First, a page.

One of the biggest challenges in tennis is trying to be better than the likes of Rafael Nadal, Roger Federer, Novak Djokovic over five-set battles. That is what makes their consistency and record unmatched at the Grand Slam level. Opponents usually highlight that as the biggest hurdle in overcoming the Big 3 at the Majors.
One of those opponents is the big-serving, towering American Sam Querrey. Querrey is one of the tougher competitors on the tennis court with his serve that many players struggle against. However, just like many others, he feels three-set matches at Grand Slams would benefit him more.
At the same time, Querrey also sees the positives that the five-set matches offer since they have produced some of the greatest matches of all time that have involved Federer, Nadal, and Djokovic.
To elaborate his point on the five-set matches, Querrey said, “Without three-out-of-five, we would have not had, on the men’s side, some of these amazing finals that we have had over the years. And the rivalries between Federer and Nadal and Federer-Djokovic and Djokovic-Nadal wouldn’t have been great as they are with two-out-of-three sets.”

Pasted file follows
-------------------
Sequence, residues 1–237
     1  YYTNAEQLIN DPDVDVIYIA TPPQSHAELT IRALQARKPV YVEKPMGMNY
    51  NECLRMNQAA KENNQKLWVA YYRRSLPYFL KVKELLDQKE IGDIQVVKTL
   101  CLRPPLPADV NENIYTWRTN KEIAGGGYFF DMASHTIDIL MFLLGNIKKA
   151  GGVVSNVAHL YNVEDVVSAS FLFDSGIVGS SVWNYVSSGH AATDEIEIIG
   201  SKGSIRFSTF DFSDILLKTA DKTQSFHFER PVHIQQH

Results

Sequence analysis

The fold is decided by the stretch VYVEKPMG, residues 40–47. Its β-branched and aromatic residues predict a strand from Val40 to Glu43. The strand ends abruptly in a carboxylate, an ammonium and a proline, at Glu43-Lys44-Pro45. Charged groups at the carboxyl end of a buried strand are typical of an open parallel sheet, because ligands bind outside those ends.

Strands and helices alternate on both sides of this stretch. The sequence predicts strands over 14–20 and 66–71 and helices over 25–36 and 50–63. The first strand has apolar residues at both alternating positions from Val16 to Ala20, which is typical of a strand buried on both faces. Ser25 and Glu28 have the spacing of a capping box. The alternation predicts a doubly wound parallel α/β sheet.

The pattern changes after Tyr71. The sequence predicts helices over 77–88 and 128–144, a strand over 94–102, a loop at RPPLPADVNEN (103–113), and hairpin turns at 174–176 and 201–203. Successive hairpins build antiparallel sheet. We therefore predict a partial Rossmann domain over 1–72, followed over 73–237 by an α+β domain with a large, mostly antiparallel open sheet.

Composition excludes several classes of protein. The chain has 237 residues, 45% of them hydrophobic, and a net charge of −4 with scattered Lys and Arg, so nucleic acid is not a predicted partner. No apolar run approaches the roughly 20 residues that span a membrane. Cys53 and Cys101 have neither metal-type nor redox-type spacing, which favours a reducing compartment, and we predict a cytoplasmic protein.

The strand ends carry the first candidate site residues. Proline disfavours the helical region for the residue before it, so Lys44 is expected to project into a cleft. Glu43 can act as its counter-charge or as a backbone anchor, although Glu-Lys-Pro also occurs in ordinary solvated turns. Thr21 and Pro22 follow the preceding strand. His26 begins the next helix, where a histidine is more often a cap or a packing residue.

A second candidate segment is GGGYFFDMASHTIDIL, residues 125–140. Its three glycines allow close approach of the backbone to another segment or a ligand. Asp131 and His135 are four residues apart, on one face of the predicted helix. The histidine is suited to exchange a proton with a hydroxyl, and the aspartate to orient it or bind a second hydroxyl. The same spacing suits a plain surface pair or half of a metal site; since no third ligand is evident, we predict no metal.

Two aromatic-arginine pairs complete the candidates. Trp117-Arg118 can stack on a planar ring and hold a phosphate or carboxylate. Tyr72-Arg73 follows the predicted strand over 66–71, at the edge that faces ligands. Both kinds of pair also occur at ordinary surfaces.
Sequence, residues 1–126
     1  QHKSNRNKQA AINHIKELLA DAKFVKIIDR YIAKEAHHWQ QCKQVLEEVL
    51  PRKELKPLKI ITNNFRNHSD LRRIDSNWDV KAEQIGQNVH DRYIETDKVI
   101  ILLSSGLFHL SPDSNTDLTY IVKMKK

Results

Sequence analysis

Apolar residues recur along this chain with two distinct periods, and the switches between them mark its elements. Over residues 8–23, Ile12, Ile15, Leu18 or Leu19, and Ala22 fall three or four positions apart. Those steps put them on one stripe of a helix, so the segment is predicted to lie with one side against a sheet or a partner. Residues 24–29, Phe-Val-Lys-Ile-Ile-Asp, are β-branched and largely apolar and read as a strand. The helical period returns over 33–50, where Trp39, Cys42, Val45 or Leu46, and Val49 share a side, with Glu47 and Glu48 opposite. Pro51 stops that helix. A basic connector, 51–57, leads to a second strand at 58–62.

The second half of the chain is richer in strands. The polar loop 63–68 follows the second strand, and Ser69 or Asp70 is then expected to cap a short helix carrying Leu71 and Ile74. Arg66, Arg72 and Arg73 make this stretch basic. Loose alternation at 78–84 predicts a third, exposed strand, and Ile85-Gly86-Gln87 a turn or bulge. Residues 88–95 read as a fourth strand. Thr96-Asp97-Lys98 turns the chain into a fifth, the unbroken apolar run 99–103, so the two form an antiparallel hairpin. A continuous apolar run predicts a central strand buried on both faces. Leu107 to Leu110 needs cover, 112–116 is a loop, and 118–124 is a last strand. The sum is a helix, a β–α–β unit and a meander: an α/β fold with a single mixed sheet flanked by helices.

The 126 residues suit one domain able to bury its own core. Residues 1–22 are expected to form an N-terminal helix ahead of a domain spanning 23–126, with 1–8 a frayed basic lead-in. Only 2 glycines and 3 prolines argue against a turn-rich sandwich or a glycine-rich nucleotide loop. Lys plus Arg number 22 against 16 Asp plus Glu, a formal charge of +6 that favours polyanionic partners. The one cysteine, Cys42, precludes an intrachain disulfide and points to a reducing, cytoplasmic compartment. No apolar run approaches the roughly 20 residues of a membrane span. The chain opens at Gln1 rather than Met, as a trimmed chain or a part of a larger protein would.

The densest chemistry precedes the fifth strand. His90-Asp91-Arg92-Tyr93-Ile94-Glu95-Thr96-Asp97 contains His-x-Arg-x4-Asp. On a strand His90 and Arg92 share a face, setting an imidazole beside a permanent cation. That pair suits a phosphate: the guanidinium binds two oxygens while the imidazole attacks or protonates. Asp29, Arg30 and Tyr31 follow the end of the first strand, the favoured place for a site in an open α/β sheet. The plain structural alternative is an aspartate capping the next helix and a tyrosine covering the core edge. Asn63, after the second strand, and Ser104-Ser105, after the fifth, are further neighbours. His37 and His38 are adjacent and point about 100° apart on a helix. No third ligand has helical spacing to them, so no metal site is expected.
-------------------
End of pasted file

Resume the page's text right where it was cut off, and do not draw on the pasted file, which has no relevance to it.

“That’s the beauty of Grand Slam tennis. They’re three-out-of-five. In order to get through them, it’s harder. What makes Federer, Nadal, Djokovic, Murray, Wawrinka so good is that they really just dominated those majors over the last 15 years,” Querrey further expressed.
One of the other points that makes Grand Slams so tough to conquer is the ‘no tie-break’ rule in the fifth set. However, the French Open is the only remaining Grand Slam that does not have a fifth-set tie-break. Querrey believes that’s how it should be.
Two of the matches that saw all-time fifth-set classics took place at Wimbledon. Both featured Querrey’s country mate, John Isner. One of those was the famous 70-68 fifth-set scoreline against Nicolas Mahut. It still stands as the longest tennis match ever.
Querrey himself was involved in a Wimbledon classic. He lost to Marin Cilic 15-17 after a five-and-a-half-hour battle. Querrey remembers such matches the most. He feels Wimbledon overreacted after those two Isner matches, by introducing a fifth-set tie-break at 12-12.
“Those are the matches that I remember most, those ones that go past 6-6. They’re fun in a way. They’re memorable, win, or lose. Those are kind of the matches you always seem to talk about. I’m still playing and I still talk about them. When you’re done you talk about them,” Querrey said.
This is where the ‘Big 3’ excel. The longer and deeper the match goes, the tougher it becomes to break through them. But what makes their achievement even more stunning is their ability to win those exhausting battles time and time again.